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30 March 2020

Cannabinoids in medicine part 4: Epilepsy

In the fourth of a series of five articles, Oxford Cannabinoid Technologies discuss their expertise on cannabinoids in medicine. Following the previous articles where we discussed the treatment of cancer, pain, psoriasis and rheumatoid arthritis, this fourth piece focuses on the use of cannabinoids to treat epilepsy.

Epilepsy is a clinically-significant neurological condition that is diagnosed upon evidence of: at least two unprovoked seizures occurring less than 24 hours apart; one unprovoked seizure and a probability for further seizures of at least 60% occurring over the next 10 years; or an epilepsy syndrome1. Between 70-80% of epilepsy patients achieve complete seizure control using anti-epileptic drugs2. However, 20-30% of epilepsy patients are drug resistant3 and do not achieve sustained freedom from seizures using common anti-epileptic drug4. For these drug-resistant patients, the efficacy of alternative and adjunctive therapies is of significant interest.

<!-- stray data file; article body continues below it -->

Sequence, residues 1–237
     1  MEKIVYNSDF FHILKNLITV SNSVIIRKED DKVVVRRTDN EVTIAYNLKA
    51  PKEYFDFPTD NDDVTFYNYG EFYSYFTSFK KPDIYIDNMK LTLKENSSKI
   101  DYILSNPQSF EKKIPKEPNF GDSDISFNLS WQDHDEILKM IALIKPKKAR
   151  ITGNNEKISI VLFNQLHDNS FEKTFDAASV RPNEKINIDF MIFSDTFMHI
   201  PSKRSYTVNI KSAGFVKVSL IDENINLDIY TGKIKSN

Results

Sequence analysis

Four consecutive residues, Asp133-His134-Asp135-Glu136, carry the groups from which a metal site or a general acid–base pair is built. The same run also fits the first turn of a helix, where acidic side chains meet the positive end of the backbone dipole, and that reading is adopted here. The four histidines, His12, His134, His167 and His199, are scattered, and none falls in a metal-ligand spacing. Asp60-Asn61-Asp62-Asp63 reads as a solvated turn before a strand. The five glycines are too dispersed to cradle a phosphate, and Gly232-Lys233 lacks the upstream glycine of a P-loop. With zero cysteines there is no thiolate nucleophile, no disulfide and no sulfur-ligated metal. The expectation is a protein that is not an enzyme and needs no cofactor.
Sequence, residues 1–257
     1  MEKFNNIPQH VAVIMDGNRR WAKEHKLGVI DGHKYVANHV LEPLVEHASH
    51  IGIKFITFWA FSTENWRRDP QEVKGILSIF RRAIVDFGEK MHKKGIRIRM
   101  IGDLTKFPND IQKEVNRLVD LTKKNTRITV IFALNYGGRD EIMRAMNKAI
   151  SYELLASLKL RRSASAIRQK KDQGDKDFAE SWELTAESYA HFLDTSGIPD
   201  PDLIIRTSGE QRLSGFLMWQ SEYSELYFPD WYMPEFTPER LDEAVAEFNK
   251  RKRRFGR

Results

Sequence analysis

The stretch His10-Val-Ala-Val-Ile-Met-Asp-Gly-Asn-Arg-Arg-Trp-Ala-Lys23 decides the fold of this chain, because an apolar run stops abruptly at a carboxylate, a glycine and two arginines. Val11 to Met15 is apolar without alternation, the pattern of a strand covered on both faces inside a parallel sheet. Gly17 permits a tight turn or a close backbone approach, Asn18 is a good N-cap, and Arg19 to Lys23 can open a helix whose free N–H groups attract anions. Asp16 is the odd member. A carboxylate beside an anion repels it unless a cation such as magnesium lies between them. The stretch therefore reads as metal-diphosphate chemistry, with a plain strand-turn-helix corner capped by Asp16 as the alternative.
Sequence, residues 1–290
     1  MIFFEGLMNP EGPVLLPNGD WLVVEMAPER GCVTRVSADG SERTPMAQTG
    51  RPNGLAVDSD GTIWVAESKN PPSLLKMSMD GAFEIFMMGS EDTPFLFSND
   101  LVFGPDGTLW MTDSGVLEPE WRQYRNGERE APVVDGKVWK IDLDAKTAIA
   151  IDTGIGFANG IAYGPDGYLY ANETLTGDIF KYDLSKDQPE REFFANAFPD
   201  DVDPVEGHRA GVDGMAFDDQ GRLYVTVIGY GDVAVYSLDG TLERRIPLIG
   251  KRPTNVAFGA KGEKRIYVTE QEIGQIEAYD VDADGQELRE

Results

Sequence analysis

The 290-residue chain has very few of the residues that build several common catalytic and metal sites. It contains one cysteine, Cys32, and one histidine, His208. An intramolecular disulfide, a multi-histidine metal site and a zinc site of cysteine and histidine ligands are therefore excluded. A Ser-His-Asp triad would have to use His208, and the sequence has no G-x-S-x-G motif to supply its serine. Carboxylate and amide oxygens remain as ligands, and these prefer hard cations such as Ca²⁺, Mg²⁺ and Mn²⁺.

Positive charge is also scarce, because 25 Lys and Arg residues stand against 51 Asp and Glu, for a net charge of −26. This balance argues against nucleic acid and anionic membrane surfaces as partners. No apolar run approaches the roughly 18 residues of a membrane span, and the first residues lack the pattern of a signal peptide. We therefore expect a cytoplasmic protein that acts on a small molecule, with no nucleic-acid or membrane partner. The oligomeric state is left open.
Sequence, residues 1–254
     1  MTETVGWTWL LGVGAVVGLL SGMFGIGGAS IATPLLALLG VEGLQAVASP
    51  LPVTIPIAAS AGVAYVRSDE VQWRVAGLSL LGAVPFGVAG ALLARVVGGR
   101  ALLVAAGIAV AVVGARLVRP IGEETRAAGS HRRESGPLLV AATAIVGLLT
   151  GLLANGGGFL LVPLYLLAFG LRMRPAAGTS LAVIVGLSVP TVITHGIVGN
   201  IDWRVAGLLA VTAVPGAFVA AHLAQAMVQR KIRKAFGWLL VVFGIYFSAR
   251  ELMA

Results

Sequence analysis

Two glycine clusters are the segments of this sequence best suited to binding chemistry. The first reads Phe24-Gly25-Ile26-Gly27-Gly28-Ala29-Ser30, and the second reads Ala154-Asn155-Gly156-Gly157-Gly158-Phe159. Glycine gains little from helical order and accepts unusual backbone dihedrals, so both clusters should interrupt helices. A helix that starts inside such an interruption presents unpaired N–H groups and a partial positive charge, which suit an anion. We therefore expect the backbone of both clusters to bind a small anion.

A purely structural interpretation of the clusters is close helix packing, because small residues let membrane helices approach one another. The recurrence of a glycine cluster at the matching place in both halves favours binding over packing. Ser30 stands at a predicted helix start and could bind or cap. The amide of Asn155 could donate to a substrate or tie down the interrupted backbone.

Pre-clinical studies have shown that naturally occurring cannabinoids (phytocannabinoids) have anticonvulsant effects, that are mediated by the endocannabinoid system5, with cannabidiol (CBD) demonstrating anti-seizure effects in both in vivo and in vitro models6. In June 2018, the FDA approved GW Pharma’s Epidiolex (cannabidiol) CBD oral solution for the treatment of seizures associated with two rare and severe forms of epilepsy, Lennox-Gastaut syndrome and Dravet syndrome, in patients older than two years of age7. Epidiolex is the first FDA-approved drug that contains the purified substance derived from cannabis; and it is also the first FDA approval of a drug for the treatment of patients with Dravet syndrome.

Read the full article here

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